Notwithstanding our finding that it was not reversible error to allow the evidence, we hold that the trial court abused its discretion by not affording appellant an opportunity to rebut the evidence. Although not done in bad faith, it is clear that appellee's failure to disclose the disputed evidence violated both the letter and spirit of the federal rules, which require supplementation of discovery responses regarding "(A) the identity and location of persons having knowledge of discoverable matters and (B) the identity of each person expected to be called as an expert witness at trial." Fed.R.Civ.P. 26(e)(1)(A) & (B). As the custodian of weather records with unquestionable relevance to the issues in this action, Townsend falls squarely within the class of persons referred to in Rule 26(e)(1)(A). A fair and complete response to appellant's discovery requests (cited above) would have included disclosure of Townsend and his records by appellee. If the evidence became known or available only after appellee's original responses, the answers should have been supplemented pursuant to Rule 26(e)(1)(A).1
We have said that "[t]he purpose of our modern discovery procedure is to narrow the issues, to eliminate surprise, and to achieve substantial justice." Greyhound Lines, Inc. v. Miller, 402 F.2d 134, 143 (8th Cir.1968) (emphasis supplied). The rules are meant to insure that--particularly where, as here, the right inquiries are made--parties can obtain "[m]utual knowledge of all the relevant facts gathered by both parties." Id. (citing Hickman v. Taylor, 329 U.S. 495, 507, 67 S.Ct. 385, 391, 91 L.Ed. 451 (1947)). Although we do not impute bad faith to appellee's non-disclosure, we do find that fundamental fairness requires that, in the context of this case, appellant should have been afforded an opportunity to present rebuttal to the surprise evidence. The disputed evidence clearly formed the basis for the district court's decision, as evidenced by his reliance on it to discredit the testimony of appellant's witnesses. Indeed, given the unclear recollection of the post office employees who testified regarding whether there was an ice patch, it was the only evidence to support the court's findings. Rebutting the evidence may be difficult for appellant, but she is entitled to an opportunity to do so, considering the last-minute nature of appellee's disclosure.
We do not accept appellant's invitation to craft a wholesale right to present rebuttal testimony. "Allowance of a party to present additional evidence on rebuttal depends upon the circumstances of the case and rests within the discretion of the individual most able to weigh the competing circumstances, the trial judge." Gossett v. Weyerhaeuser Co., 856 F.2d 1154, 1156 (8th Cir.1988) (citations omitted). The district court remains free on remand to exercise its discretion regarding what rebuttal evidence to allow. We hold only that the district court's wholesale refusal to afford appellant an opportunity to rebut the surprise evidence was an abuse of discretion.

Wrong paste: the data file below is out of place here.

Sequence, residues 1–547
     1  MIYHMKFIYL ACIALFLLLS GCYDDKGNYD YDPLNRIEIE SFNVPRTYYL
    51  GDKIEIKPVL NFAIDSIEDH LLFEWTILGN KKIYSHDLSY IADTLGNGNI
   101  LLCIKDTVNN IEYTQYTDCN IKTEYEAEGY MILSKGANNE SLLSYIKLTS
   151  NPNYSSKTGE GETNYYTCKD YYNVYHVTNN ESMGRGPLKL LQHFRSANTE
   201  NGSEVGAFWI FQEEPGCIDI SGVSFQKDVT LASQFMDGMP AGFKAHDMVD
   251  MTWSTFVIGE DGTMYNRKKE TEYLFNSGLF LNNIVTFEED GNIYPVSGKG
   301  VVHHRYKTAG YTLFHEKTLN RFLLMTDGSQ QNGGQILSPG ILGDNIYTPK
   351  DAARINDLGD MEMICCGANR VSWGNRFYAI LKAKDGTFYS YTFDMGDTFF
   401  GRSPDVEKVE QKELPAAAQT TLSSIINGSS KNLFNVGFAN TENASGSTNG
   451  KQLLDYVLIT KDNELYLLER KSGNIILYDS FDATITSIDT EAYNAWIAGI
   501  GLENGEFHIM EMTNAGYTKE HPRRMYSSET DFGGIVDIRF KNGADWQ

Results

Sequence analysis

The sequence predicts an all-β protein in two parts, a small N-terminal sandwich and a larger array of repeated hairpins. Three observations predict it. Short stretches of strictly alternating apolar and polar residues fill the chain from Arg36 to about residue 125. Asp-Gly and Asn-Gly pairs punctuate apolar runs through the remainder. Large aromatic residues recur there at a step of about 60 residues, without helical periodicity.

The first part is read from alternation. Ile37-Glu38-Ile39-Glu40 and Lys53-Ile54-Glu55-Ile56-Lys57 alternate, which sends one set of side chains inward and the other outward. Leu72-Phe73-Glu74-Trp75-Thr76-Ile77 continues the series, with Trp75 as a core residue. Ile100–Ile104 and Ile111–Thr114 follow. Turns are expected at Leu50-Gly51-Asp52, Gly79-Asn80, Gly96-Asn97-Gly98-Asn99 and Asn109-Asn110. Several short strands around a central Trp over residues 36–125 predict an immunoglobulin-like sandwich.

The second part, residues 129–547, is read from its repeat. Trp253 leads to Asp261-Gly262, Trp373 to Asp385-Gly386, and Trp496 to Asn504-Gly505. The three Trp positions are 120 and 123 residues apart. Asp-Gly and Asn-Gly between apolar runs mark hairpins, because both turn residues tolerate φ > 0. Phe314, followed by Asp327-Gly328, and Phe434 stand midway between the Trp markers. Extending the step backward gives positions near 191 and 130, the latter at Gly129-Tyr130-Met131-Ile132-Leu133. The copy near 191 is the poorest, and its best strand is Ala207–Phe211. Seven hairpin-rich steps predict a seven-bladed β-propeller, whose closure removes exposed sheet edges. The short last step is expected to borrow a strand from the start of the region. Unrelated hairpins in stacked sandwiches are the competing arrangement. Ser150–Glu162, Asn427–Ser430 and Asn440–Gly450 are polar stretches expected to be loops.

We do not pass on the findings of the district court or its conclusions regarding the applicable substantive law, because based on the above discussion, new findings should be entered after appellant has had an opportunity to present rebuttal evidence.
Based on the foregoing, the judgment of the district court is reversed, the findings vacated, and the matter remanded for further proceedings consistent with this opinion.2
The HONORABLE ANDREW W. BOGUE, Senior United States District Judge for the Western Division of the District of South Dakota, sitting by designation
It also appears that--notwithstanding the district court's attempt to avoid his testifying as an expert--Townsend did so, thus invoking the disclosure requirements of Rule 26(e)(1)(B). An expert is "one who is knowledgeable in [a] specialized field," Black's Law Dictionary 519 (5th ed. 1979). When laying foundation to introduce Townsend's testimony, counsel for appellee went into his broad experience and qualifications--most notably the fact that he had to take "numerous courses in meteorology" to become a full-blown meteorologist. Had Townsend been testifying as a non-expert, the necessary foundation would have been limited to eliciting that he is the custodian of official records of the weather service. After the [expert] foundation was laid, Townsend went into great detail describing the Weather Service's operations and explaining how to read the data on the charts. Had he been a lay witness, he would have basically just authenticated the records and left their interpretation to the fact finder. The fact that he did not explicitly say "there could not have been ice on the sidewalk" on direct examination does not mean he did not give an implicit opinion that the weather could not have caused an accumulation such as that claimed by appellant's witnesses
Appellant seeks a new trial in the event of reversal. However, because the matter was tried to the court rather than a jury, the district judge is in a position to hear additional evidence, then enter new findings. Under these circumstances, an entirely new trial would be duplicative and unnecessary